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AIAA Houston Lunch and Learn, Dr. Wyatt Johnson (JSC) – Project Morpheus
April 17, 2014 @ 11:30 am - 12:30 pm
NASA’s Morpheus Project has developed and tested a prototype planetary lander capable of vertical takeoff and landing. Designed to serve as a vertical testbed (VTB) for advanced spacecraft technologies, the vehicle provides a platform for bringing technologies from the laboratory into an integrated flight system at relatively low cost. This allows individual technologies to mature into capabilities that can be incorporated into human exploration missions. The Morpheus project and the associated Autonomous Landing and Hazard Avoidance Technology (ALHAT) project provide technological foundations for key components of the greater exploration architecture necessary to move humans beyond low Earth orbit (LEO).
The Lunch and Learn with Dr. Wyatt Johnson discussing Project Morpheus will be at 11:30am April 17th at Intuitive Machines at 3700 Bay Area Blvd. Houston, TX 77058. Registration is below.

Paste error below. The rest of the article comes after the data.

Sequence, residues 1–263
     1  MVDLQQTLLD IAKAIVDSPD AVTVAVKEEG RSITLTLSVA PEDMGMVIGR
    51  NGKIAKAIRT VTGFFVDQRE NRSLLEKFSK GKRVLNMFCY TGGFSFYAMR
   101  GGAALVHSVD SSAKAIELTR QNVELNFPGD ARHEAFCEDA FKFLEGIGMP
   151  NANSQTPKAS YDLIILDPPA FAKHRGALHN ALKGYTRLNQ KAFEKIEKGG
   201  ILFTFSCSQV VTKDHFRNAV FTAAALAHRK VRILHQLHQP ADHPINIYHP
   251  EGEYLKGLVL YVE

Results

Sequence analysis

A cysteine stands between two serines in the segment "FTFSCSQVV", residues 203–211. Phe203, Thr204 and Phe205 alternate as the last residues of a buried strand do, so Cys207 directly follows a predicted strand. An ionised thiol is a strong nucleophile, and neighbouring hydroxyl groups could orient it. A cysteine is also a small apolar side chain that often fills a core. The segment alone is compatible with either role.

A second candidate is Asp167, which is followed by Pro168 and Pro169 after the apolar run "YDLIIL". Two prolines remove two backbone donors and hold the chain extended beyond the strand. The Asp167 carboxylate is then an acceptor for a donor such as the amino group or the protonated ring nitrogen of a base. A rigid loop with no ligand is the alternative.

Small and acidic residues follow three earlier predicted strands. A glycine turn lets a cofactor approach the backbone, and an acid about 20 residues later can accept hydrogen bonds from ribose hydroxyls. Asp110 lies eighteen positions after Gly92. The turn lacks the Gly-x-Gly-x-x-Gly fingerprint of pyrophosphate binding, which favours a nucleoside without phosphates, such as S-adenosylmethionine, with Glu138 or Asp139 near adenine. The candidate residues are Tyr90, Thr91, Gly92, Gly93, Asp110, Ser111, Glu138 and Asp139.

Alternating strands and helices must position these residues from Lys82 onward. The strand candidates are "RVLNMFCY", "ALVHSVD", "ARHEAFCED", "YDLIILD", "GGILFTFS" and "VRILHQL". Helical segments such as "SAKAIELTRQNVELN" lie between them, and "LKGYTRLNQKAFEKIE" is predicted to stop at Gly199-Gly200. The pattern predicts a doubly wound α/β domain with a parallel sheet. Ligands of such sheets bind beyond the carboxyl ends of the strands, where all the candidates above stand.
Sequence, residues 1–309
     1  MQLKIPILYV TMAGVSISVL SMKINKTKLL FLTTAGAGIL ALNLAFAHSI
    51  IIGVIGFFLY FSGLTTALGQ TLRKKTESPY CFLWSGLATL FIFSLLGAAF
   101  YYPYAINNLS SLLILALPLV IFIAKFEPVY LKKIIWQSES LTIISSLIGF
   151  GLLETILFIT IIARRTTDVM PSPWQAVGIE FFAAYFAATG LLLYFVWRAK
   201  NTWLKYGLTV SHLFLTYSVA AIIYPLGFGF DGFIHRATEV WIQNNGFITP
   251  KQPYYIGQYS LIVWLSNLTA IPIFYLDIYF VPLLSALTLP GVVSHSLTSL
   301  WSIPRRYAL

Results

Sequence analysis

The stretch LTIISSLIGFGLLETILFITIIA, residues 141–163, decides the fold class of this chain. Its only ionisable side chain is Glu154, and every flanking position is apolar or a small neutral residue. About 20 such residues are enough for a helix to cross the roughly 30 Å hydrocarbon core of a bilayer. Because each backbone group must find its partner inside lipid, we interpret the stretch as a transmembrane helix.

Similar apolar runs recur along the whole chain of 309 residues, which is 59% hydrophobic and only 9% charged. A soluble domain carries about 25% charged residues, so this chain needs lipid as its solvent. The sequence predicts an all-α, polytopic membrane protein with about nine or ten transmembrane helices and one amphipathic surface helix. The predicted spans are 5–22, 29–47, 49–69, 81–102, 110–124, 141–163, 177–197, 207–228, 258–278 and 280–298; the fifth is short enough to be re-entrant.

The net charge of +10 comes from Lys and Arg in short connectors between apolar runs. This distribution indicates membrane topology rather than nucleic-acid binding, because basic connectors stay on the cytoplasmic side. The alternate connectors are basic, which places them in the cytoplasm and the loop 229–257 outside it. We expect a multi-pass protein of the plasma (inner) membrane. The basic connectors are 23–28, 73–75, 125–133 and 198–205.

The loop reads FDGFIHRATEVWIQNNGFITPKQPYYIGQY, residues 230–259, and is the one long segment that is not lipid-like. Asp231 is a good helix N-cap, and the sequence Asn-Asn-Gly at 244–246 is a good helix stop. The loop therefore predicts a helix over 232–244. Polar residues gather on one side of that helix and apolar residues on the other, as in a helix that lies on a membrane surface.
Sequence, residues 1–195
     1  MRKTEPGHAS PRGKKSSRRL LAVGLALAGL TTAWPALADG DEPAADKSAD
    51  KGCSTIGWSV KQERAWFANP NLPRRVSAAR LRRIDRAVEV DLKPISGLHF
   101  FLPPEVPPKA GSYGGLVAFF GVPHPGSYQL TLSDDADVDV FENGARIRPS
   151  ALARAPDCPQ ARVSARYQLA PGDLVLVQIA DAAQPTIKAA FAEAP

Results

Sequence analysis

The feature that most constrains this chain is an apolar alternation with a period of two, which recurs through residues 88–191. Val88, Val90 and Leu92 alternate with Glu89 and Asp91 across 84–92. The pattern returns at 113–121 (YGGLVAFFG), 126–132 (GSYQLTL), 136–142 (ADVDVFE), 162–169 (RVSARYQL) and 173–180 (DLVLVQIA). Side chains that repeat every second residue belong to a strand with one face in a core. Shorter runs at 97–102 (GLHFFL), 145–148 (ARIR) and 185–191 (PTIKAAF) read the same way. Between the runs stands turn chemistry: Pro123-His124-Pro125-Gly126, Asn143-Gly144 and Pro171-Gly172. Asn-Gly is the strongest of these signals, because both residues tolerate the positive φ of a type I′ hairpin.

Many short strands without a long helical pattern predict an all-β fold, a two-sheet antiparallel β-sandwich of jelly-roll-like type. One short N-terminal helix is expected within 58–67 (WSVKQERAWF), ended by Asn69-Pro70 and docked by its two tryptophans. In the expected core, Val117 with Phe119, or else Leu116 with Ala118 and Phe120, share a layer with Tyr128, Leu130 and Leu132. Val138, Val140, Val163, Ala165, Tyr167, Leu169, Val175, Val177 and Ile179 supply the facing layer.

Dr. Wyatt Johnson received his doctorate from Purdue University in 2002 in the area of ‘aeroassisted interplanetary trajectory design’. He then worked at JPL from 2002 until 2005 working on various projects, including EDL analysis for the Mars Phoenix Lander. In 2005, Dr. Johnson moved to Houston to work for JSC as a civil servant. His work initially consisted of numerical predictor-corrector skip-entry guidance analysis for Orion, as well an emergency entry guidance option called “loads managed guidance”. In 2010, Dr. Johnson started working on Morpheus, as the sole member of the guidance team. During the first dozen tether flights of 2011, it was noted that the vehicle thrust gimbal response did not match the control command. Other members of the GNC team (Dr Tim Crain and Louis Nguyen) devised a method to measure the offset using a mirror and two lasers. This method confirmed that the gimbal response was the cause of the error, but the data did not suggest a cause. Dr. Johnson came up with a computer vision approach to take measurements of the gimbal pointing error in an attempt to help the team speed up the process. Unfortunately, the first version of the tool was about 15-20x slower than the original hand technique, but the digitally collected data helped Dr. Johnson determine the root cause of the gimbal pointing problem and then to correct for the problem via a least squares batch filter. The filter output was loaded onto the vehicle FSW and the subsequent tether flight showed improved stability.